Preparing For A Successful Paramedical Insurance Exam
In preparation for your life insurance exam, we recommend the following in order to obtain the most favorable results.
Ask that the medical exam be scheduled for early in the day when possible, rather than the afternoon because:
- Most people have lower blood pressure and pulse in the morning, before the day's activities (and caffeine in take) take hold
- It allows you to fast (no eating or drinking) for 12 to 14 hours before the exam. If this is not possible, you should be very careful about what you eat or drink the morning of your exam. If possible you should only have water. YOU SHOULD CONTINUE ALL REGULAR MEDICATIONS REGARDLESS OF THE TIME OF YOUR EXAM.
Dietary Considerations & Fasting:
- The best results are obtained when you watch your diet take for a few days before the exam, as we want favorable lab test results. You should avoid fatty foods, excess sugar, etc.
- Optimal lab results are obtained when the blood draw occurs at between 12 and 14 hours after the most recent meal. These times optimize lipid and blood sugar results. Times outside of this can affect the total cholesterol, HDL, LDL and triglyceride levels, glucose, BUN, creatine, total protein, as well as serum albumin.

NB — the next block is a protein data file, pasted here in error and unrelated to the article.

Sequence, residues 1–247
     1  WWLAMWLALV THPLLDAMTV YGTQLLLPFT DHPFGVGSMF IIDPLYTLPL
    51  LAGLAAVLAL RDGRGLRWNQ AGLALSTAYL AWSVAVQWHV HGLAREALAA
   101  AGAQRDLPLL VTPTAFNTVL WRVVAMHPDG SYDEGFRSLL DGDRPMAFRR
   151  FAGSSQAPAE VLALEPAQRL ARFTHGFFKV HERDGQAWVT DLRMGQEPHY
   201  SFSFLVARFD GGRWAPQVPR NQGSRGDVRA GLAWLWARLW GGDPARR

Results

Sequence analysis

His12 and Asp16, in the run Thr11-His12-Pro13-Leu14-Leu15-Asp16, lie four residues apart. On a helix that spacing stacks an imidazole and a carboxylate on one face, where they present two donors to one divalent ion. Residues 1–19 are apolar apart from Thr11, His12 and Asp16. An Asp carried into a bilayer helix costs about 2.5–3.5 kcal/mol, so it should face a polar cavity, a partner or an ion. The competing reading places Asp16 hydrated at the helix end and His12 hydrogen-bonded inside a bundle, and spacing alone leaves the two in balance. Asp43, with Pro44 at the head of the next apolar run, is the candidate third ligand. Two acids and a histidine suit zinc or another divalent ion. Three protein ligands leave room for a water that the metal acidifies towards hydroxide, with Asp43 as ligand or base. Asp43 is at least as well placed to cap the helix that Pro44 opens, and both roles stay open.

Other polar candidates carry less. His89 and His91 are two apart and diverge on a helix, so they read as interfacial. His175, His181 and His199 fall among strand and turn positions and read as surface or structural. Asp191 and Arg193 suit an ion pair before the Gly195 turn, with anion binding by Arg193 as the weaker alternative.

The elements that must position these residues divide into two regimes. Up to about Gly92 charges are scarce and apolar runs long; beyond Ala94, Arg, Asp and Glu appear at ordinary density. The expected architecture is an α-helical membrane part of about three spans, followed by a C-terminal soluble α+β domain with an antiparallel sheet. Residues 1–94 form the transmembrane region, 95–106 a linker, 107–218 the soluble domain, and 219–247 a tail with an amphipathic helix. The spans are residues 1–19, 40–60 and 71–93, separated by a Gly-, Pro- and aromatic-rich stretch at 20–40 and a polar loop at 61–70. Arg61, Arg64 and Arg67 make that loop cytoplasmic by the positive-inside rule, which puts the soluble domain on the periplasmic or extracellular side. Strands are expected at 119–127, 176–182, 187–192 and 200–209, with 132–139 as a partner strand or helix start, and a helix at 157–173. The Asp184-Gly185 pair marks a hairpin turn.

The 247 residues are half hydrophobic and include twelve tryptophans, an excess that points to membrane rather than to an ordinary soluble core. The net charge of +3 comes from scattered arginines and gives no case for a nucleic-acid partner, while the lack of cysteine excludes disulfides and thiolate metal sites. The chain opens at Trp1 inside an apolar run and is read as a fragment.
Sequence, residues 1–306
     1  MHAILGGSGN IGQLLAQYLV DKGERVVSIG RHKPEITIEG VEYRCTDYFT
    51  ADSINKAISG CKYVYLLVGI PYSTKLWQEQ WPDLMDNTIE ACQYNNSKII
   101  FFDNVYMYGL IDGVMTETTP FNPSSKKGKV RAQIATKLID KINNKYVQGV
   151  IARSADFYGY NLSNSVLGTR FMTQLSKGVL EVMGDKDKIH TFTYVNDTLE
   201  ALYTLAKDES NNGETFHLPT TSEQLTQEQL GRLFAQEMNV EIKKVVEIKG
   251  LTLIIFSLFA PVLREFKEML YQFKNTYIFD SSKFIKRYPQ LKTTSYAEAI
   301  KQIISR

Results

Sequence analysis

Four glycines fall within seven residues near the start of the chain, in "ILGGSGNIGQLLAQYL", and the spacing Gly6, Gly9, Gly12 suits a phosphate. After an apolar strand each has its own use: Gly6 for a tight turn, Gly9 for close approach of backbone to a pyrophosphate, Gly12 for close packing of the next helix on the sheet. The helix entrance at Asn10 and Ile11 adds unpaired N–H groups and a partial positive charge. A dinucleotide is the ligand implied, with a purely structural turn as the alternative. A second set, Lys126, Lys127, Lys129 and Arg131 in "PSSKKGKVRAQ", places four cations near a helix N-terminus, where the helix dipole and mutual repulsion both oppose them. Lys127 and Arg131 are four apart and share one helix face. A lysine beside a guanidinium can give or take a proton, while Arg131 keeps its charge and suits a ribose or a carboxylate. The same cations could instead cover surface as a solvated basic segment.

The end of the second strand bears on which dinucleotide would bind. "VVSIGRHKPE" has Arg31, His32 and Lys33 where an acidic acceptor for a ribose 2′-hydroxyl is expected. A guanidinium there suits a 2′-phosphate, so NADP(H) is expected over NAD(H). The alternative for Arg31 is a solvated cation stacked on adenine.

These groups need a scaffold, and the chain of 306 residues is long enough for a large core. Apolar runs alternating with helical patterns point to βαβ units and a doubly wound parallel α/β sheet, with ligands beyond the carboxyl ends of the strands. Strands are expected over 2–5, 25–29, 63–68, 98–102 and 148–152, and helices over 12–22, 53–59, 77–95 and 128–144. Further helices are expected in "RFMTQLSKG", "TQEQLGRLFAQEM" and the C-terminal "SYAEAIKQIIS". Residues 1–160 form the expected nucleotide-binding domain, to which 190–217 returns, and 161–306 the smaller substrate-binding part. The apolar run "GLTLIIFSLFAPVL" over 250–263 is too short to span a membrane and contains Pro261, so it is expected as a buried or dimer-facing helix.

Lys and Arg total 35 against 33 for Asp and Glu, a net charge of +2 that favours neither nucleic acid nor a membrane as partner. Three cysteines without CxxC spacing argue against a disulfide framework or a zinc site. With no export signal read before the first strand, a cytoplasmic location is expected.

- Caffeine. Do not have any coffee or other form of caffeine the morning of the exam, and as little as possible the day before. Caffeine, of course, can stimulate your heart and throw off various tests.
- Alcohol. It is best to avoid altogether for a few days prior to the exam.
- Salt. It is best to avoid altogether for a few days prior to the exam.
- Water. Drink lots of water the day before and the morning of the exam, as this gives optimal urinalysis results. This will also keep you hydrated, which will make it easier for the nurse to take the blood specimen.
Clothing: You Should wear comfortable clothing. Especially comfortable shoes.
Exercise: While this may be counter intuitive, you should not exercise within 24 hours of the exam. Strenuous workouts within 24 hours can result in false elevated liver function tests and poor urine results.